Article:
Here & Now's Anthony Brooks spoke with Qizilbash and Druckmann on the occasion of Friday's release of Uncharted: Legacy of Thieves Collection, a remastered version of Uncharted 4: A Thief's End and Uncharted: The Lost Legacy for the PlayStation 5.
On what led to the game series' success
Neil Druckmann: When we set out to make Uncharted, we were trying to, in a way, reverse-engineer summer blockbusters. But like our favorite kind of summer blockbuster that had really compelling stories, epic action. And then we were like, how do we put that on the [joy]stick? How do we build those cinematic set pieces but make you care about the characters so that you're not only engaged from a visceral standpoint, but from an emotional one as well? And I think that's a big part of why the franchise took off the way it did it. People fell in love with these characters and their relationships and like these epic journeys that went on.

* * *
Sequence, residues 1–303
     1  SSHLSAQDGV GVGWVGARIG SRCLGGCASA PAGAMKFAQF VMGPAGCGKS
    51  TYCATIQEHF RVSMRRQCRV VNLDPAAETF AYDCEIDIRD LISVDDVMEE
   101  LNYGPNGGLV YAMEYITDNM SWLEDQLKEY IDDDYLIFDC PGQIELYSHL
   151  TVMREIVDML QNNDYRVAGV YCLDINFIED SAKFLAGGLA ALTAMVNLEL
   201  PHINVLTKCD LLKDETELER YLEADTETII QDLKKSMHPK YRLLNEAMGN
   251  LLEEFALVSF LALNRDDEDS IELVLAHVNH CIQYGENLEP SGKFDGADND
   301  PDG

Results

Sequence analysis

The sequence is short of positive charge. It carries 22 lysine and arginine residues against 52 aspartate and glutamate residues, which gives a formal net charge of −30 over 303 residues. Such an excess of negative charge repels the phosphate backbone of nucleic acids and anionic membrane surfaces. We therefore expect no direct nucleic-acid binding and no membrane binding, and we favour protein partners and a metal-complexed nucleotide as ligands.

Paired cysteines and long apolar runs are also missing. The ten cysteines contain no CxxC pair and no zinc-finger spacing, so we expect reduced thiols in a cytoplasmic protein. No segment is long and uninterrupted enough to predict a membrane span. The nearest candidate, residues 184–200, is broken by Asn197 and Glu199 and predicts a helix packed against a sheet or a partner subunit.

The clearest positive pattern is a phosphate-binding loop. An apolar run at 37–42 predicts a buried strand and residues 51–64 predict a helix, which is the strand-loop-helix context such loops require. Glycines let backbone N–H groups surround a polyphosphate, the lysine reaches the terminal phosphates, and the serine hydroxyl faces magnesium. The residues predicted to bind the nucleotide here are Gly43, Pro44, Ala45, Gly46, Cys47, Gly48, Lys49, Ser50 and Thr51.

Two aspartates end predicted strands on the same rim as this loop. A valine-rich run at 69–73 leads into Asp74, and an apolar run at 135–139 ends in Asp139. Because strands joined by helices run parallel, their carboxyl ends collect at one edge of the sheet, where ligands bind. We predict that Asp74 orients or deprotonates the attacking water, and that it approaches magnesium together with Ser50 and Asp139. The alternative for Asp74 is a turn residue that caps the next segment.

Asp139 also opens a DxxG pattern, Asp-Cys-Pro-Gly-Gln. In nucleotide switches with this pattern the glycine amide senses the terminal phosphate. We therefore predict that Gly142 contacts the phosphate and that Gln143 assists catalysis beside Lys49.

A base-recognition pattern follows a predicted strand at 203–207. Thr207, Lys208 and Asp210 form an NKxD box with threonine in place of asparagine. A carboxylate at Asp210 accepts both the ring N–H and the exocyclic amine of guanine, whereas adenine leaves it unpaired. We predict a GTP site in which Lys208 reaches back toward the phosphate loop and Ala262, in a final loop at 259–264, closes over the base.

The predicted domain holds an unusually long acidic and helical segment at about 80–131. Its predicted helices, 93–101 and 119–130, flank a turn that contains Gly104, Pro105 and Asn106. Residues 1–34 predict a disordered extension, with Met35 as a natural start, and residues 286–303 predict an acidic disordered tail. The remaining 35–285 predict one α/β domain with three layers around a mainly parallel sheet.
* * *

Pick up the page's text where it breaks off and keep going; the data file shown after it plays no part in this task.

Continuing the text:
On how to avoid the pitfalls of past video game movies, which have often been panned by critics
Neil Druckmann: I think like any good adaptation is like you take the core of it, the spirit of it, what works and then translate it, which means you have to change certain aspects of it to fit this new medium. You know, like when Batman was adapted by Tim Burton in '89. They took certain liberties with what the comic book does, but they were able to still keep the spirit of that character and what that character meant. And that's, I think what the team here has done extremely well is just to take these kind of core principles, these relationships, the heart of the story, adapt it to this medium, to the spectacle of seeing it on the big screen instead of playing it in your hand.